Bitcoin and other cryptos may become a little less volatile in 2022 – CNN
One bitcoin currently trades for just under $49,000, a stunning surge of 66% from January levels. But the top crypto is also down nearly 30% from its record high of almost $69,000 hit in November.
There is no denying that crypto has gone mainstream. The total value of all cryptocurrencies in circulation stands at more than $2.2 trillion, with bitcoin accounting for about $920 billion of that total.
Ethereum, or ether, is starting to close the gap, too. Ethereum, which is a popular crypto for the smart contracts and non-fungible tokens (NFTs) that have taken the art and collectibles world by storm, has a market value of $475 billion.
Ether prices have more than quintupled this year, from around $730 per coin to nearly $4,000.
There now are also several bitcoin exchange-traded funds (ETFs) for individual investors to choose from. ETFs investing in other top cryptos could be in the cards, too.
“The next possible step is for additional ETFs for other coins to launch. There probably will be an ether ETF in early 2022,” said Nick Elward, senior vice president and head of institutional product and ETFs at Natixis Investment Managers. “There probably will be an ether ETF in early 2022.”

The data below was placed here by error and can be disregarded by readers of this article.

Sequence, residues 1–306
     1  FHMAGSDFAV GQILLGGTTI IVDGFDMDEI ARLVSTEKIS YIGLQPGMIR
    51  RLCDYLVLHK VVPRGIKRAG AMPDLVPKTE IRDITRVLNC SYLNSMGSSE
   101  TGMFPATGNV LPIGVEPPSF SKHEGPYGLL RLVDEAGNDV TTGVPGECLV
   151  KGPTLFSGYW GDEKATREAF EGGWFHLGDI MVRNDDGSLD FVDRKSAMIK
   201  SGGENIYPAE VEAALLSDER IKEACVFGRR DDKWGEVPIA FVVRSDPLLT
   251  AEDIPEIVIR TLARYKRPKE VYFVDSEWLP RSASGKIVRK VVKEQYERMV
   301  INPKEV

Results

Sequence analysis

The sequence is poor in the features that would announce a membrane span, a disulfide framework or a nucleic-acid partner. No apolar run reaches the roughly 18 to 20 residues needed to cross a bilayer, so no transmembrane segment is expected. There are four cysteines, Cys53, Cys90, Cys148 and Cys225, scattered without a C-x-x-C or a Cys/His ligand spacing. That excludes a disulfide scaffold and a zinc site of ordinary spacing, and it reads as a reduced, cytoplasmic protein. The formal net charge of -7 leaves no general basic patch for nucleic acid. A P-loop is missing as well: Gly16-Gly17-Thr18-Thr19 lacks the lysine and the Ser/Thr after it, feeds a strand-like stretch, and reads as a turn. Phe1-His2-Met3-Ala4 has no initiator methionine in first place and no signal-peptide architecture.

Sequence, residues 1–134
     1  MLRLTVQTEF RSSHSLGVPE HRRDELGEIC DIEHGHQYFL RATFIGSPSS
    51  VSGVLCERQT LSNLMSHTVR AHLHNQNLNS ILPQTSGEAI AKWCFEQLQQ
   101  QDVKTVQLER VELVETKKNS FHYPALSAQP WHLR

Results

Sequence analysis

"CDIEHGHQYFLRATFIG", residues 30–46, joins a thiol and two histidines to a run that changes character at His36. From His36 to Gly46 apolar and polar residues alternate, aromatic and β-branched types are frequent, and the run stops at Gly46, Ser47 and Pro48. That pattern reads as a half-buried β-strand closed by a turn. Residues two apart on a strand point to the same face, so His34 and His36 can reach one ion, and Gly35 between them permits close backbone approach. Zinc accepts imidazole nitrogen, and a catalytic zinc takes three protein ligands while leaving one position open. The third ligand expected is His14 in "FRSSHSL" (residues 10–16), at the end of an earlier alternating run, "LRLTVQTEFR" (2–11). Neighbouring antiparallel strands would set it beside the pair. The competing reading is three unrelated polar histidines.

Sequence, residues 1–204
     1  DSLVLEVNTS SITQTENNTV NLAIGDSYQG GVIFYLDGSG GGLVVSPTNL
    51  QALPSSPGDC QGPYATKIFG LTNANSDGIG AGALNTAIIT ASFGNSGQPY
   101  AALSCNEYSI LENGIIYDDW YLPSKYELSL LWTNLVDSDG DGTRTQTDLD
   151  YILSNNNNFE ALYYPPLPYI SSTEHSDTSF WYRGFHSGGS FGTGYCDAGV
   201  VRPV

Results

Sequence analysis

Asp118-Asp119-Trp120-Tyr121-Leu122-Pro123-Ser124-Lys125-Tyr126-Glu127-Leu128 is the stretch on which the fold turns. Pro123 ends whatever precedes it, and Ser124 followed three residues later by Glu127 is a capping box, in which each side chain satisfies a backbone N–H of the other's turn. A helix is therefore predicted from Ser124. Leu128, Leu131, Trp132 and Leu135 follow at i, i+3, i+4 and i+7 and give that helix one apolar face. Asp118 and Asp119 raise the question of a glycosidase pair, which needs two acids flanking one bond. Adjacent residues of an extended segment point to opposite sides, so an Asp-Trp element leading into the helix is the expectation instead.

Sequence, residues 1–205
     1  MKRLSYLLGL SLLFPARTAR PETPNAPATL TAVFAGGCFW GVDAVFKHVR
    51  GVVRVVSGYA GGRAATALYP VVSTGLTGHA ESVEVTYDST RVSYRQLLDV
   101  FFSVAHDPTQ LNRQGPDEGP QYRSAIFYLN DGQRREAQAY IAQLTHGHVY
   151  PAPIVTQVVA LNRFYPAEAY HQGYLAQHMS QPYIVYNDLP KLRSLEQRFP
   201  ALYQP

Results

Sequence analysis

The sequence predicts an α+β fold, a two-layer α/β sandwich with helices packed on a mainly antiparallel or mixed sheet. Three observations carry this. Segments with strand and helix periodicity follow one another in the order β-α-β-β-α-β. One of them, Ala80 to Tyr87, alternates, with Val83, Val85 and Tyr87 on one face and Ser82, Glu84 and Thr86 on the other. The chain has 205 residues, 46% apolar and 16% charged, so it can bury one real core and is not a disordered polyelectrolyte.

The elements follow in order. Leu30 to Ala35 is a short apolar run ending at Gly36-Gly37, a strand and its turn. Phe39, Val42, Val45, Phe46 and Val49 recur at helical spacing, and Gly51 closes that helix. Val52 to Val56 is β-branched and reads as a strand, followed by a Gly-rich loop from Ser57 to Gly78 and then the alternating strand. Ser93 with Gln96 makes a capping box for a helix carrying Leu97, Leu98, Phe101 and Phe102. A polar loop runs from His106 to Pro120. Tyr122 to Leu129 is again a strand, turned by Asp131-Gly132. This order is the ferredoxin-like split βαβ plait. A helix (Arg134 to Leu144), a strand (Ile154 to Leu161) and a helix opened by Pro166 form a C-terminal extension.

Major professional and institutional investors, including top fund managers George Soros and Stanley Druckenmiller, have been investing in crypto. Still, the latest pullback is a stark reminder of how notoriously volatile bitcoin and other crypto prices can be.
Less severe crypto winters ahead?
Many investors rushed into bitcoin in 2017 and watched prices surge from about $1,000 per coin to a little below $20,000 by December of that year.
Then came the crash, with bitcoin plunging as low as around $3,500 by the end of 2018. Those prices obviously have recovered — and then some — but it took until December 2020 before the coin got back to the $20,000 mark.
Such breakneck swings in crypto prices are probably here to stay. The key, experts said, is for investors to learn to stomach them and ride out the inevitable ups and downs.
“More than once we have observed a correction in the market,” Anton Chashchin, managing Partner of Bitfrost, a digital assets service provider, said in an email to CNN Business. “If institutional investors begin to take profits, then it can cause a ripple effect.”
But he added that these large firms will likely keep flocking to bitcoin as a potential hedge against inflation and rising interest rates, which could hurt traditional government-backed currencies.
“Even if the source of institutional investor interest is the Fear of Missing Out (FOMO), all of the institutional decisions have been made after careful consideration. These firms have come around to the potential benefits of cryptos,” Chashchin said.</…….